"A man hath joy by the answer of his mouth: and a word spoken in due season, how good it is." Prov. 15:23 "A word fitly spoken is like apples of gold in pictures of silver." Prov. 25:11
I never cease to be amazed at how easy it is lose one's sense of timing, especially when it comes to speaking. We become so eager to "share" that we don't take into consideration either the hearer or the setting. It may not be a matter of casting "pearls before swine" (Matt. 7:6), or giving "strong meat" to immature believers (Heb. 5:14); but still, approaching someone with either words of comfort or rebuke can be unwanted in the first case and ineffective in the second. It all depends on the person, time, and place.
The word picture painted for us in Proverbs 25:11 speaks of the right place or setting. Notice the beauty of the "apples of gold" are perfectly set off by the "pictures of silver," perhaps speaking of the background or frame. The golden apples would not be nearly as eye-catching on a dingy cloth or in a rough, wooden frame.
The verse in Proverbs fifteen tells us that like so many things in the Bible, there is a "due season" to be acknowledged. To me, this speaks not only of the right hour, day, or month, but even the right conversation. For instance, to use the occasion of an individual's mistake to point out past failures only lessens the possibility of change in the mind of the offender. Also, when we draw people aside when they're busy, pleasantly occupied, or in the company of friends is to guarantee half-hearted listening or response to our "words of wisdom." And when someone is hurting physically, emotionally, or spiritually, even the kindest, well-meaning words of comfort or advice can be grating, especially if the individual is feeling overwhelmed or misunderstood.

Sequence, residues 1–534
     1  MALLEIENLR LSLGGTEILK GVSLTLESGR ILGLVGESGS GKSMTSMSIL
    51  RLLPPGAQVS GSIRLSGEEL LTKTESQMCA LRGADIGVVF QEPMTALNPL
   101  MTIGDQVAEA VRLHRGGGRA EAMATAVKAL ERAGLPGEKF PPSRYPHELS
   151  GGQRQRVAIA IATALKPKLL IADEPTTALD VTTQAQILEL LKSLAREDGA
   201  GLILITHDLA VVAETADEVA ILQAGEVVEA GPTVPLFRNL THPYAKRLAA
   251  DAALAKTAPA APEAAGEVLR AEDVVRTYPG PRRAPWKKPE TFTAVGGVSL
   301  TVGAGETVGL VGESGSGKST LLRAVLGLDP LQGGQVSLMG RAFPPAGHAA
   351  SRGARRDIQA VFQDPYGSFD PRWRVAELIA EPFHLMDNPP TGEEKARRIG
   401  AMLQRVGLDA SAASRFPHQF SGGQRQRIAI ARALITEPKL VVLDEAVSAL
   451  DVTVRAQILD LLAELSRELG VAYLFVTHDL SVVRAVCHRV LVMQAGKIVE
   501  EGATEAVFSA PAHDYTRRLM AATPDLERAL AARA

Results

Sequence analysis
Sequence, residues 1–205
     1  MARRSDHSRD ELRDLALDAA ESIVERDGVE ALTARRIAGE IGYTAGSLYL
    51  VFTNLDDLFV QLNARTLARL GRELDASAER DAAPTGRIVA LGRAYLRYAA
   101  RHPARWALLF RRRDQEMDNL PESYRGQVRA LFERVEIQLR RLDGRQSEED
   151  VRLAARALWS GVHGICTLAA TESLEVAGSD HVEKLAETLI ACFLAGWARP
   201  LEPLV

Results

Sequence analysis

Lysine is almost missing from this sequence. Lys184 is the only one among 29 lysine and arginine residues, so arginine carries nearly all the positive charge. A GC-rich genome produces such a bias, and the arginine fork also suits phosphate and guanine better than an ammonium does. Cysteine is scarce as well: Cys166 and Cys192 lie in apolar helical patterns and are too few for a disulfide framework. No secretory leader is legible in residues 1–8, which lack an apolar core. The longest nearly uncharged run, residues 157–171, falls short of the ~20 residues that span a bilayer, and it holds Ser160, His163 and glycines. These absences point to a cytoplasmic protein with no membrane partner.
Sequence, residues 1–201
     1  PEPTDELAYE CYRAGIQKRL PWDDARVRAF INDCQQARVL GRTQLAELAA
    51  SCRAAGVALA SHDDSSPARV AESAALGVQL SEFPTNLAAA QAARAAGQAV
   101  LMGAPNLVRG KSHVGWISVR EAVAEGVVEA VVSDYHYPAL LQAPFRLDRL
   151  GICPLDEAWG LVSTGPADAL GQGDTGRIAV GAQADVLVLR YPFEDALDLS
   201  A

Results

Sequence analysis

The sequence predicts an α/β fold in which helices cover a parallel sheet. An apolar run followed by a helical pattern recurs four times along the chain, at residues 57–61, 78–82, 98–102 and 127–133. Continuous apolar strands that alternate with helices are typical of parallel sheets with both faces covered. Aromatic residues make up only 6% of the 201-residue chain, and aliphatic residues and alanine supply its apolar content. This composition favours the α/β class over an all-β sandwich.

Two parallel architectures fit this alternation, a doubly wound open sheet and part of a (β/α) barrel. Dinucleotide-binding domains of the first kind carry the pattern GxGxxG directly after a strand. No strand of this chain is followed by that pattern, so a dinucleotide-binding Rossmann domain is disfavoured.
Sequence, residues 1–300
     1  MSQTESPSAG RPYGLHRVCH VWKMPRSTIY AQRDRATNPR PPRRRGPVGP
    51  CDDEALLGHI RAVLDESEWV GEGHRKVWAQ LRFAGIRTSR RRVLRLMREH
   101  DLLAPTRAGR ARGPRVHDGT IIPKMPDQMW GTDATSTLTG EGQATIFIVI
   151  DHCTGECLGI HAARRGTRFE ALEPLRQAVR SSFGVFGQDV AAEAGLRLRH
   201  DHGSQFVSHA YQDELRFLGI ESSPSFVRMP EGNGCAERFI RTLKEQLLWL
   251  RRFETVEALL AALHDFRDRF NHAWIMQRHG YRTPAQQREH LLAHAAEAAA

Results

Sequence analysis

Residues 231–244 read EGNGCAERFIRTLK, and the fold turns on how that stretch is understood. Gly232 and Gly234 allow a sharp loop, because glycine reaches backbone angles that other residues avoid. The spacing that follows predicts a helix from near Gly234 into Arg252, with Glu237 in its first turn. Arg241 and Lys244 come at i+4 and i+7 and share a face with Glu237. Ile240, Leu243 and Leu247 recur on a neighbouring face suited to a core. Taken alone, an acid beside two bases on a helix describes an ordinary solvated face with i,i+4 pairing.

They often say of someone who knows how to speak cogently and fluently that he or she is "well-spoken"; but as far as I'm concerned, the truly well-spoken individual is the man or woman whose words are "fitly spoken," at the prompting of the Holy Spirit. They fit perfectly at the right time and in the right place. And by the way, I have said, "words," plural; but the texts say "word," singular. That at least tells us that brevity should be our watchword. Many a promising conversation has been drowned by too many words.
The phrase, "tongue of the learned," comes from Isaiah 50:4, where we're told it is given to be used at the right time, for one reason only:
"The Lord hath given me the tongue of the learned, that I should know how to speak a word in season to him that is weary..."